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Central & South Asia
Karachi ambush targets plain-clothes police
Four officers killed and 40 wounded, with four in critical condition, after gun battle in Pakistan's commercial capital.
Last Modified: 20 Aug 2011 01:50
July saw Karachi's highest death toll in decades, with about 300 dead [EPA]

Police in Karachi, Pakistan's financial capital, have been ambushed by a group of gunmen, sparking violent battles in which four officers were killed and 40 wounded, officials said.

Late on Friday, the police commandos, dressed in plain clothes, were targeted in the eastern neighbourhood of Korangi, which has been immune from the political and ethnically linked violence that has swept through Pakistan's largest city.

"These policemen were in a van going on a raid on a tip-off when they were intercepted by armed men who started firing, injuring many policemen," senior police official Shaukat Hussain told AFP.

"The police returned fire and at least one attacker has been killed."

Television footage of the aftermath of the attack showed injured officers being carried by their colleagues and local residents into ambulances and private vehicles heading to hospital.

Series of violence

The attack comes as Karachi's police chief on Friday said the deadly violence had killed 52 people over three days.

Security was tight in Karachi as residents remained nervous.

"The situation is as bad as 50 families are devastated in 12, 24 hours. We don't know who are the killers? Where they come from? Where they go and hide?" Shakeel Ahmed, a resident, told Reuters news agency.

Much of the fighting erupted in and around the old district of Lyari, where spats between rival gangs have intensified in recent weeks.

Waja Karim Dad, a senior leader of Pakistan's ruling Pakistan People's Party (PPP), was among those killed on Wednesday, officials said.

The attacks happened as Karachi's main party, the MQM, said it was rejoining the national PPP-led coalition government.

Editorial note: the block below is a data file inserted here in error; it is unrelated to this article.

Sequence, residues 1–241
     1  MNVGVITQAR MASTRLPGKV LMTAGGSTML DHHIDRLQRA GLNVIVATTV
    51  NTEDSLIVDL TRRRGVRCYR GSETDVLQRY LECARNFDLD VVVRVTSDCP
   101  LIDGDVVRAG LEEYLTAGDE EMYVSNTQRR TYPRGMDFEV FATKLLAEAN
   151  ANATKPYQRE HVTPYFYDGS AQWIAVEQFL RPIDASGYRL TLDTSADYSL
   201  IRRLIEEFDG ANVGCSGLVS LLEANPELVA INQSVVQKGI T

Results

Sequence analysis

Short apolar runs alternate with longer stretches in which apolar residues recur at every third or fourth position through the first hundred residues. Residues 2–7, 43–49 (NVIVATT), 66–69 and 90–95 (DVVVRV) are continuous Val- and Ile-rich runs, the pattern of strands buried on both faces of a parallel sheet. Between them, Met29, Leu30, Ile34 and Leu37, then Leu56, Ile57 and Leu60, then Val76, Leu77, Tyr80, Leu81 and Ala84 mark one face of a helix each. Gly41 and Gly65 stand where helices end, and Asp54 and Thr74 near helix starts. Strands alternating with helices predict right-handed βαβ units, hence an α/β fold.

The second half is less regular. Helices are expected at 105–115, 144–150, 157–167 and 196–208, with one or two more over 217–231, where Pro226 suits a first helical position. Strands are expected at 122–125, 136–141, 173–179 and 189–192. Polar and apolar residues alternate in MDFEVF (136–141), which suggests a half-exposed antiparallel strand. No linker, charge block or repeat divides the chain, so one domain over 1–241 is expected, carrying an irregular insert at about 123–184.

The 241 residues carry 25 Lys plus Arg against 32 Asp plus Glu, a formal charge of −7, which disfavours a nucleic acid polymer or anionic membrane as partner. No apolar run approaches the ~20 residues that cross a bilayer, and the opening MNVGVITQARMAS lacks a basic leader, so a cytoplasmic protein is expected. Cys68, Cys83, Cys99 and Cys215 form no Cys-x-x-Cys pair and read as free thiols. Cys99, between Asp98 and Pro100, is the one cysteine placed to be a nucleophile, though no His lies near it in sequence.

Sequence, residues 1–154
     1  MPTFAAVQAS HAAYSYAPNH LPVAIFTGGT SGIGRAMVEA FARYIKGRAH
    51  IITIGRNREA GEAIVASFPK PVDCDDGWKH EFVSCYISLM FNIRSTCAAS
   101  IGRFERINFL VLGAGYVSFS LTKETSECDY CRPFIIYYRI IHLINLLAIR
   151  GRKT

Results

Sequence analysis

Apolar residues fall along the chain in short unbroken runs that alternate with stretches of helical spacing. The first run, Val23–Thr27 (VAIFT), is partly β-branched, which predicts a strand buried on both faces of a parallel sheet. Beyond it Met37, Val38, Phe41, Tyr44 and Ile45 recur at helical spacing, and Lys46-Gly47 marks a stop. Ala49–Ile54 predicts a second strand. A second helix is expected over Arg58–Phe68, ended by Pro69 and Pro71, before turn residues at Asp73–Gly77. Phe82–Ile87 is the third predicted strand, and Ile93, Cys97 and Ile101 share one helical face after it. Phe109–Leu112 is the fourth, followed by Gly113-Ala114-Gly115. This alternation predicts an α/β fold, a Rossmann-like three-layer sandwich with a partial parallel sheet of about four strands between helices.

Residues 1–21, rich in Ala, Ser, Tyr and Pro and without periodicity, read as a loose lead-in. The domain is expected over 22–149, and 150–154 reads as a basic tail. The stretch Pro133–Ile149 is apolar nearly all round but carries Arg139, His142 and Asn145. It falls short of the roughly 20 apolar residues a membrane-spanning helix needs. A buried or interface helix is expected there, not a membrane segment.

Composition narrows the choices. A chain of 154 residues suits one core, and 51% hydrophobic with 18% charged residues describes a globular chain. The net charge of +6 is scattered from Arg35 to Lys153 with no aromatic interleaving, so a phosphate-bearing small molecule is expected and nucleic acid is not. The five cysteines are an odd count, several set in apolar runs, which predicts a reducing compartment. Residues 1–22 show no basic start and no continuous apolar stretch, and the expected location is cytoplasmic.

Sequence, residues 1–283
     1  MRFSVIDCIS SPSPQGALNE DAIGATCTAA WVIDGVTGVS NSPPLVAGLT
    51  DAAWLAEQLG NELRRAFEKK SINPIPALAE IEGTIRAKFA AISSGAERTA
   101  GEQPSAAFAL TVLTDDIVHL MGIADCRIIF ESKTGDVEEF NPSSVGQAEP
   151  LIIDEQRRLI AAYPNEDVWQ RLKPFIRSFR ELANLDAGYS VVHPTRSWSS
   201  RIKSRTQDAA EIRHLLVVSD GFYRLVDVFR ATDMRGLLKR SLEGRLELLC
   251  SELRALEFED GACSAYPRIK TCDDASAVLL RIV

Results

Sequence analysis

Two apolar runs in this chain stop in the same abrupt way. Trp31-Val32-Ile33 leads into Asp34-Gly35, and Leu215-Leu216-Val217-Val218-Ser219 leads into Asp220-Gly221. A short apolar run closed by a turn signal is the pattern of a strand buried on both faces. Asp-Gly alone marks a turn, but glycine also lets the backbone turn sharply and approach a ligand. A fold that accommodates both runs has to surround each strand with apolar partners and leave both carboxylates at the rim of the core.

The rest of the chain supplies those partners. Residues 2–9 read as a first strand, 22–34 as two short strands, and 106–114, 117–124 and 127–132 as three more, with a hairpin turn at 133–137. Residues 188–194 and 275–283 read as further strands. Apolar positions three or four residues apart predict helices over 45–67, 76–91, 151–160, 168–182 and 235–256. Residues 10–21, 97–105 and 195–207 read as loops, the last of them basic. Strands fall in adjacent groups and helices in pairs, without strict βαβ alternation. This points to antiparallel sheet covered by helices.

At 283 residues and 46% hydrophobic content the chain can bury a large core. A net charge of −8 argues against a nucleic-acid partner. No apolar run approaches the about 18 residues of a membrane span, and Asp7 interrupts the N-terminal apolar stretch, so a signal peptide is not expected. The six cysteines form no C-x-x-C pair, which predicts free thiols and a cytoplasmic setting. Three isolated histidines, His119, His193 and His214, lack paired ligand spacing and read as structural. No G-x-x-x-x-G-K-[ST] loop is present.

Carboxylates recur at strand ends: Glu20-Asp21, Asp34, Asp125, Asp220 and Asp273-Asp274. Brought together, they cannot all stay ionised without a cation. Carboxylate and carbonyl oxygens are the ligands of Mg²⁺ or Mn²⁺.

"Most of the killings have resulted from clashes between criminal gangs operating in Lyari and surrounding areas," a senior police official said.

"It's not the kind of fighting that we saw last month; this is more of a gang war."

But police said turf wars between gangs dealing in drugs and extortion rackets were by no means a new development in Lyari.

"These gangs regularly clash and kill members and supporters of rival groups," the senior official said.

Political gang warfare

Al Jazeera's Kamal Hyder said the killings were directly related to gang warfare conducted with the patronage of the country's political elite.

The killings in Karachi have continued despite efforts to reconcile its warring political factions.

Security officials say this is because the killers are being protected by senior politicians.

They say the violence is being used to stoke recently ignited ethnic passions both for political gains and as a means by criminal gangs to fight turf wars behind the facade of political activism.

"Everything boils down to politics," said Hyder.

A city of more than 18 million, Karachi has a long history of violence, and ethnic, religious and sectarian disputes and political rows can often explode into battles engulfing entire neighbourhoods.

Pakistan's interior minister earlier this month vowed to restore peace in the city after a fresh bout of violence and warned of stern action against any group intent on using violence.

Hundreds of additional police and paramilitary troops were deployed in Karachi last month to quell the unrest.

About 300 people were killed in July, making it one of the most deadliest months in almost two decades. Human rights groups say 800 have been killed since the start of the year.

Source:
Al Jazeera and agencies
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